the concept of a child perpetrator of a criminal act are the terms juvenile and
young adult. The age limits for a juvenile established in the Criminal Code differ
from those set by the Act on Juvenile Delinquency Proceedings and are entirely
distinct from the age limits for a minor.
    The Criminal Code, regardless of the provisions of civil law, establishes the age
for adulthood at 17 years of age (Art. 10 § 1). The exceptional liability of a minor
aged 15–17 is provided for in § 2 of that provision stating that a juvenile who hav-
ing attained the age of 15 commits an offense specified in Art. 134, Art. 148 § 1, 2
3, Art. 156 § 1 3, Art. 163 § 1 3, Art. 166, Art. 173 § 1 3, Art. 197 § 3, Art. 252 § 1
2 and in Art. 280 may be liable under the rules set out in the code, provided that
the circumstances of the case and the degree of development of the perpetrator,
his properties and personal conditions give grounds for it, in particular, where the
previously applied educational or corrective measures proved ineffective.
    The Act on Juvenile Delinquency Proceedings indicates three categories
of young offenders referred to as juveniles. The first category includes per-
sons younger than 18 years of age who show symptoms of demoralization and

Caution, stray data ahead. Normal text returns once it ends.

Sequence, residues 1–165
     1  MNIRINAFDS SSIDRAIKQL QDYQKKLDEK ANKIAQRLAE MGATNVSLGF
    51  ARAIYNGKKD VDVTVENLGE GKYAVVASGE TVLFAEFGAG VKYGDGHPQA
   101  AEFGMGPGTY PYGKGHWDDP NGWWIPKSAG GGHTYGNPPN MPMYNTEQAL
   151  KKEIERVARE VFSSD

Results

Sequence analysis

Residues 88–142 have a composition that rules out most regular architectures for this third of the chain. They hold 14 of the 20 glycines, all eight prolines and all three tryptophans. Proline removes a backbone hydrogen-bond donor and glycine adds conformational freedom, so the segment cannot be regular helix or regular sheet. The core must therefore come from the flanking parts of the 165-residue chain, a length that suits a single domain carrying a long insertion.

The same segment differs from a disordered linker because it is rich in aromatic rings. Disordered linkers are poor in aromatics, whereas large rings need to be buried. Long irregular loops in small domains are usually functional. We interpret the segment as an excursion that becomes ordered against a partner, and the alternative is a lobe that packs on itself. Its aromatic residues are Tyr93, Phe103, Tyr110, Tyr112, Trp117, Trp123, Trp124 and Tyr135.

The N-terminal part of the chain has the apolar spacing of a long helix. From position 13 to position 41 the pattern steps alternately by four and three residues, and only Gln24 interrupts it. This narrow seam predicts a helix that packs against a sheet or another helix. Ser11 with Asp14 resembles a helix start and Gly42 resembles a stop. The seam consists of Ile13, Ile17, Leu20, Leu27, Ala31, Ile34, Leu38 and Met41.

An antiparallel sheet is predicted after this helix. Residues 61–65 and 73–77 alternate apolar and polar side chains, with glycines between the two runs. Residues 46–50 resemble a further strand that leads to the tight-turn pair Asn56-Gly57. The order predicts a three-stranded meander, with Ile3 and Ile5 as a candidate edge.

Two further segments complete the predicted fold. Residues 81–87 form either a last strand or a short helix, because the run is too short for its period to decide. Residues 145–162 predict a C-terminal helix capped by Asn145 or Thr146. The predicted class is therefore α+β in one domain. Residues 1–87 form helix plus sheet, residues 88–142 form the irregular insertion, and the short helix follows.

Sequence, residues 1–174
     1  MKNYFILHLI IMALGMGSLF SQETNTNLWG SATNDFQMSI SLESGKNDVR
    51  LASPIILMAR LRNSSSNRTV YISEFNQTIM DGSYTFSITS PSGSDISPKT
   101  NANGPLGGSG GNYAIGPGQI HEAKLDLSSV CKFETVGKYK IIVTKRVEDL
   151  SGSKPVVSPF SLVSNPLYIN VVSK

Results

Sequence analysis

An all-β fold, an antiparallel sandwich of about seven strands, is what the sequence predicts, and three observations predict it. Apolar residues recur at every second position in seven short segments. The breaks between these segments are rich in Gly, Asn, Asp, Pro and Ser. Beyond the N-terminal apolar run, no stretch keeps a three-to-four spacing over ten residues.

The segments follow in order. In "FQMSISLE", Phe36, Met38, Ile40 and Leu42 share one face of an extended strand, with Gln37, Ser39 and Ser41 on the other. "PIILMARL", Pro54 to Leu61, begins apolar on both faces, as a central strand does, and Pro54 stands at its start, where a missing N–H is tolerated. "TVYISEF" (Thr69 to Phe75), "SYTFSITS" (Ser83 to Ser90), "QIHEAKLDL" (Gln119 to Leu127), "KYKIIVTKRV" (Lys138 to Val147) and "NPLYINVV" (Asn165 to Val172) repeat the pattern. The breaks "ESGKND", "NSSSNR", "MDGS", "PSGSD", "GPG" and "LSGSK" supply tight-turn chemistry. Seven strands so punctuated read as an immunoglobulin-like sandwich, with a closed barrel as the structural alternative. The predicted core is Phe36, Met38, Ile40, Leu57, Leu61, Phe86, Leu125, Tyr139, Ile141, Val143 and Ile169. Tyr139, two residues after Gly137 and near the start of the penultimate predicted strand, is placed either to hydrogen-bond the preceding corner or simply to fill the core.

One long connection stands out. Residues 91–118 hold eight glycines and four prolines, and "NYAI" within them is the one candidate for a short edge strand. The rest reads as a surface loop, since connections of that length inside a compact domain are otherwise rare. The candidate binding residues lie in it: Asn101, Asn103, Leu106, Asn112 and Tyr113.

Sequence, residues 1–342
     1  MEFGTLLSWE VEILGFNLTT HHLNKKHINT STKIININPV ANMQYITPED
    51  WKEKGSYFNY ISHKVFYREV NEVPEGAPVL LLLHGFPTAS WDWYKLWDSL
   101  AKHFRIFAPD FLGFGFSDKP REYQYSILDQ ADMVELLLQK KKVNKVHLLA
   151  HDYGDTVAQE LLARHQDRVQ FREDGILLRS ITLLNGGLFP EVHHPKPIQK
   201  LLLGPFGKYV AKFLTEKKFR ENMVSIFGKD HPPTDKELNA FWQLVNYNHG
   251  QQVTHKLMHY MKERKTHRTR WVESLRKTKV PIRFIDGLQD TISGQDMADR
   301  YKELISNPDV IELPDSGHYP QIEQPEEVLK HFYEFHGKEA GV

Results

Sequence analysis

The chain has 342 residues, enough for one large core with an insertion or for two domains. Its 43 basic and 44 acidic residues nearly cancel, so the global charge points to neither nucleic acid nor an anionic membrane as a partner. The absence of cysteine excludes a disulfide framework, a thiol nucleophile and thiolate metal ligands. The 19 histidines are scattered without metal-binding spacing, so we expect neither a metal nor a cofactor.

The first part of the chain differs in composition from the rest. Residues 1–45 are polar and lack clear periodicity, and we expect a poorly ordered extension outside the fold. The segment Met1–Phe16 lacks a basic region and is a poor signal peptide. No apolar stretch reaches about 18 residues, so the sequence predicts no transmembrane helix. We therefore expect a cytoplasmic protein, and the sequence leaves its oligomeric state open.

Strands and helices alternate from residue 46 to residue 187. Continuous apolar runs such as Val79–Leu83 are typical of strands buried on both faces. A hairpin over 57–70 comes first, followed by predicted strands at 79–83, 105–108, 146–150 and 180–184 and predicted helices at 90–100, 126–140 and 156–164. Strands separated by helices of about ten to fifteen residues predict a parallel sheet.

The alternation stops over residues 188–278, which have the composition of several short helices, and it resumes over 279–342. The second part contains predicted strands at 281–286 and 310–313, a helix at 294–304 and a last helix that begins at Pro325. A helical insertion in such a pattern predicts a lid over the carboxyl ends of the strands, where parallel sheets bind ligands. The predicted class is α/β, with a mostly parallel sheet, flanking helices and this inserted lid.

there is a need to prevent and combat their demoralization. The minimum age
for juveniles displaying signs of demoralization is not provided by the Act on
Juvenile Delinquency Proceedings (1982). In the opinion of P. Daniluk and J.
Mierzwińska-Lorencka, it is a solution fully legitimate and reasonable. The need
to initiate appropriate proceedings in the juvenile case due to demoralization
should determine the real purpose of preventing demoralization.24 The literature
21 KANIA, Agnieszka Maria, Kontrowersje związane z kryminalizacją przerywania ciąży.
   Część I, Nowa Kodyfikacja Prawa karnego, 2011, vol. Tom XXVII, no 3325, p. 102.
22 MICHALSKI, Bogdan. In WĄSEK, Andrzej (ed.), Kodeks karny. Część szczególna. Vol. I.
   Komentarz, Warsaw: C.H. Beck, 2004, p. 271.
23 ZOLL, Andrzej. In ZOLL, Andrzej (ed), Kodeks karny. Część szczególna. Tom II, Komentarz
   do art. 177–227, Cracow: Zakamycze, 1999, p. 336.
24 DANILUK, Paweł, MIERZWIŃSKA-LORENCKA, Joanna, Responsibility of a Juvenile for
   a Prohibited Act under Polish Law, International and Comparative Law Review, 2016, Vol.
   16, No. 2, pp. 109–110.

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review provides another justification for the lack of lower age limit for signs of
demoralization. T. Bojarski writes that it is difficult to indicate below what age
a child will not need help. It is not surprising, therefore, that judicial practice
records juvenile proceedings even involving children under the age of nine.25
    The second category includes juveniles who committed a punishable act after
having reached 13 years of age, but before having attained the age of 17. The
lower limit of 13 years refers to the division of juveniles adopted in the Criminal
Code of 1932 in which division into two age groups of juveniles was made, i.e.
up to the age of 13 as acting without discernment, and from 13 to 17 years as a
group of juveniles for whom the statutory presumption assumed that they act